Focus on ethics, empathy, diversity, and community. When seeking martial arts options, I was initially drawn to the dojo we eventually chose because they have an adapted karate program for students with disabilities. While my kids did not have the need to be part of this particular program, I wanted them to be a part of a community that is dedicated to making inclusion integral to their organization. This is a community that actively embraces diversity of all kinds—bringing together people of diverse abilities, ages, races, ethnicities, socioeconomic status, sexual orientations, languages—and that both models and explicitly teaches acceptance, kindness, advocacy for self and for others. This is an important pairing with, and perhaps more valuable than, the technical karate instruction we were looking for, and seeing this in action every week only affirms the decision to invite this community to have a hand in raising my kids.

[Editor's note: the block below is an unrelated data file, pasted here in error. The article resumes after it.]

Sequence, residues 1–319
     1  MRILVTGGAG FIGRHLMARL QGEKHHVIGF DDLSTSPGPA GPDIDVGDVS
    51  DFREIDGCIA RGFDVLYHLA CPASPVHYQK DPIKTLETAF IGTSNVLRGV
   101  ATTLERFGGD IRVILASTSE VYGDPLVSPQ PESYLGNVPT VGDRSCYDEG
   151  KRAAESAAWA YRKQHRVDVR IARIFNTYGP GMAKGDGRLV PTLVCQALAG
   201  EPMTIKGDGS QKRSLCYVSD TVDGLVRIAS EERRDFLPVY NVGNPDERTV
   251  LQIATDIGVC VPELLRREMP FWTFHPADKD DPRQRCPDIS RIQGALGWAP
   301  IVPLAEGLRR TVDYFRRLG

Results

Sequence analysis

Clear expectations for outcomes and effort. Just as the expectations for positive community culture and personal integrity that I alluded to above are both modeled and explicitly discussed, so are the standards for excellent karate. And every family gets a manual that has a complete outline of the knowledge, competencies, terminology, and number of classes needed to be eligible for each color belt. There are no surprises about what is required for the karateka’s procession to each belt, and there is a strong culture of “non-quitting spirit” that urges students through each of these ranks.